Mini Mystery Writing Contest

“The perennial questions in the Osage land is, ‘who will be next?'”
-Daily Oklahoman reporter, quoted in “Killers of the Flower Moon” by David Grann

Photo of William Hale

Many members of the Osage Nation in 1920s Oklahoma lived in constant fear for their lives. They lost many friends and family to murders that were seldom solved or fairly investigated. Taking inspiration from this history as presented in “Killers of the Flower Moon,” we invite you to use the line, “Who will be next?” as a springboard for — and the first sentence of — a mini mystery story of your own. While the experiences of those in our One Read book were very real, your mystery can be completely fiction. The puzzle presented or the crime solved can be large (like a murder) or small (like missing possessions), but the writing must be about a crime or the threat or fear of one. The length limit for these mini mysteries is 250 words.

Enter starting August 31 using this form. You can also mail in your entry or drop it off at any library or bookmobile stop. (See full rules below for details.) Winning entries and honorable mentions will be published on this site and in the Columbia Missourian. Winners will receive a $25 bookstore gift card.

Participants must be age 16 or older and residents of Boone or Callaway Counties. Read on for complete contest rules.

Contest Rules


  • The contest is open to those 16 years of age and older.
  • Participants must reside within the DBRL service area (Boone or Callaway County, Missouri).

Contest Deadline

  • Entries will be accepted from August 31 – September 25. (Mailed entries must be postmarked by September 25.)

Submission Requirements and Guidelines

  • One entry per individual.
  • Submissions must be 250 words or less in length.
  • Submissions must be in English.
  • Submissions must include writer’s name, age, address and email address or phone number for eligibility verification and contact purposes.
  • Entries must be in text format and typed.
  • Entries may be submitted through the online form or by mail (DBRL, ATTN: Kat/One Read Writing Contest, PO Box 1267, Columbia, MO 65205), or dropped off at a DBRL location.
  • Submissions must be original, unpublished works.
  • Each participant must be the sole author and exclusive owner of all right, title and interest in and to his or her submission.
  • DBRL’s publication and use of the submission in accordance with the terms set out herein will not infringe or violate the rights of any third party (including copyright), or require any payment to or consent/permission from any third party.

Content Restrictions

  • The submission must not contain any material that is inappropriate, indecent, profane, obscene, hateful, tortious, defamatory, slanderous or libelous.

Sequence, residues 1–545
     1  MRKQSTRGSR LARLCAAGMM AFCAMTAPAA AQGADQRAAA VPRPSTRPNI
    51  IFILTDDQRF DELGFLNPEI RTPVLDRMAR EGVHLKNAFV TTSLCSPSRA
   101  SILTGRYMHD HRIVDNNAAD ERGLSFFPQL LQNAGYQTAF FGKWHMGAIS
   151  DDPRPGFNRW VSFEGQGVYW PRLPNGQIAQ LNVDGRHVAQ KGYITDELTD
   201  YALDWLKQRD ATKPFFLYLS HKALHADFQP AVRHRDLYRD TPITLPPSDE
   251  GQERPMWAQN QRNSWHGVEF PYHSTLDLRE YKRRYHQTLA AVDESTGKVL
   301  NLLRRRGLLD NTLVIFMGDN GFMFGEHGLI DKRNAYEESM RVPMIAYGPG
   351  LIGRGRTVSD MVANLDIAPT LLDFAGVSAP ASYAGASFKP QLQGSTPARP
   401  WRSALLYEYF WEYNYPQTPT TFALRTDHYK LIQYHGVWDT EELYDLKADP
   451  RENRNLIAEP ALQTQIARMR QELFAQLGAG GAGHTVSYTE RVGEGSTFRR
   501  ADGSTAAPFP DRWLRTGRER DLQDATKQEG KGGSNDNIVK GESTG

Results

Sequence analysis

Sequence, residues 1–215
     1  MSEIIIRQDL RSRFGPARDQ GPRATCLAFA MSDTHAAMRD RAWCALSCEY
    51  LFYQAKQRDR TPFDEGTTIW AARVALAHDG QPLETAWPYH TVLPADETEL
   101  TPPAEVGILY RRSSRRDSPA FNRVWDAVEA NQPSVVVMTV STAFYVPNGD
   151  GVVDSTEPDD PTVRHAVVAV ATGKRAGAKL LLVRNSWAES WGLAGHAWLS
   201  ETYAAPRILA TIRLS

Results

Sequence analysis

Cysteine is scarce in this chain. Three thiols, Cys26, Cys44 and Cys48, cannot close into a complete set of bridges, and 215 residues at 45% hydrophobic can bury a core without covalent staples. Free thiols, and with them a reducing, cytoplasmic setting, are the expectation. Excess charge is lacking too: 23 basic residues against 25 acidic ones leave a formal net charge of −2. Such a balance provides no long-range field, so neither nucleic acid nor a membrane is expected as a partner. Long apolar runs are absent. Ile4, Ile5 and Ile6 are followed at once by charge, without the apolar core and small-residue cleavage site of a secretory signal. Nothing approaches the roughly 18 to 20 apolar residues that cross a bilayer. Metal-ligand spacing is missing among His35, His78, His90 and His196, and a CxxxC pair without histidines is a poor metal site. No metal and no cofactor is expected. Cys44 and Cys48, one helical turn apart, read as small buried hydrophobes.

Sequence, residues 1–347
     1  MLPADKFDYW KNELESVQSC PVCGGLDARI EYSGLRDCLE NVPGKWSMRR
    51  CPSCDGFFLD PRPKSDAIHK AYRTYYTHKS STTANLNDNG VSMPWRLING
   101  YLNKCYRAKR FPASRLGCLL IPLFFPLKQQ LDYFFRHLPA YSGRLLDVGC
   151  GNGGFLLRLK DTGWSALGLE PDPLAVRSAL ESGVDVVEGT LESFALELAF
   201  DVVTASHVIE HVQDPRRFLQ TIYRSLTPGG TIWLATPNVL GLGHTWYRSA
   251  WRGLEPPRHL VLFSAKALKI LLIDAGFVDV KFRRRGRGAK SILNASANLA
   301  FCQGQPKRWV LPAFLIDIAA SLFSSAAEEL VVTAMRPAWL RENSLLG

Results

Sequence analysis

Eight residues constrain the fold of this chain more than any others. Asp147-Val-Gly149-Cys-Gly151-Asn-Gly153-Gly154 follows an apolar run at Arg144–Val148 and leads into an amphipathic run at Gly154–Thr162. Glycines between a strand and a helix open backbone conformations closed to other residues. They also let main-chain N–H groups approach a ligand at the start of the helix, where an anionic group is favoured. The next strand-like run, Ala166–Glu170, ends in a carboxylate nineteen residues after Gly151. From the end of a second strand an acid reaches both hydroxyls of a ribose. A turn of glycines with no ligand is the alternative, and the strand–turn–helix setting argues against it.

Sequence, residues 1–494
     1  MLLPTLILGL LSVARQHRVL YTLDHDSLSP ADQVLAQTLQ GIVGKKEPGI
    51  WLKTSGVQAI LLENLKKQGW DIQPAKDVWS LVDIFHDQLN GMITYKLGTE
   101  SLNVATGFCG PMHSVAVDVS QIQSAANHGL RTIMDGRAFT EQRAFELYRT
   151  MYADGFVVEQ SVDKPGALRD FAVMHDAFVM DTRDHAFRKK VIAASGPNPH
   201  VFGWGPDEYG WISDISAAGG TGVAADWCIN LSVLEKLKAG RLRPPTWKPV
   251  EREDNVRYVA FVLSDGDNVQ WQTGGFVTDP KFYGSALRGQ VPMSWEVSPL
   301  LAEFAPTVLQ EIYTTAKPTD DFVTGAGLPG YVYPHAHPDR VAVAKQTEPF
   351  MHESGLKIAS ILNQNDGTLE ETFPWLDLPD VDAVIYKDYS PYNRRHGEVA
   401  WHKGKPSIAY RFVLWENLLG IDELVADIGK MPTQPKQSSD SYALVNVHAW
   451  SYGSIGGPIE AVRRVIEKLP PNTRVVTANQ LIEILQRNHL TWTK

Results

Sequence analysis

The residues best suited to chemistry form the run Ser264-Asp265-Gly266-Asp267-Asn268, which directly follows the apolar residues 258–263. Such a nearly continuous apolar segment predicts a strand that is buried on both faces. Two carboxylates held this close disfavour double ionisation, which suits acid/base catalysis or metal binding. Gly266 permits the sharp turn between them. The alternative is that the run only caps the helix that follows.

• The submission must not contain any material that promotes bigotry, racism, hatred or harm against any group or individual or promotes discrimination based on race, gender, religion, nationality, disability, sexual orientation or age.
  • The submission must not contain any material that is unlawful, in violation of or contrary to the laws or regulations in any jurisdiction where the submission is created.
  • The submission must not contain any commercial content that promotes any product or service of the sponsor or any third party.


  • Entries will be evaluated and the winners chosen based on creativity, grammar and emotion evoked by the writing, as well as adherence to the guidelines outlined above.
  • Two winners will be announced by October 17.
  • Winning entries and those receiving honorable mentions will appear on the One Read website.
  • Winners will be notified by phone or email and will each receive a $25 bookstore gift certificate.


6 thoughts on “Mini Mystery Writing Contest”

  1. I am not sure, based on the description of the mini mystery writing contest, if it is required to be about an actual crime. Can it be a mystery where a crime was not committed?

  2. Hi Terry,
    It does not necessarily have to be about a crime that was committed, it could instead be about the threat or fear of a potential crime. Just remember it has to start with the line “Who will be next?”

    Happy writing!

  3. How about this definition of a crime?

    an action or activity that, although not illegal, is considered to be evil, shameful, or wrong. “they condemned apartheid as a crime against humanity”

    I ask because I have written about something that is not a legal crime but is a “crime” against my values. Is that appropriate?

Leave a Reply

Your email address will not be published.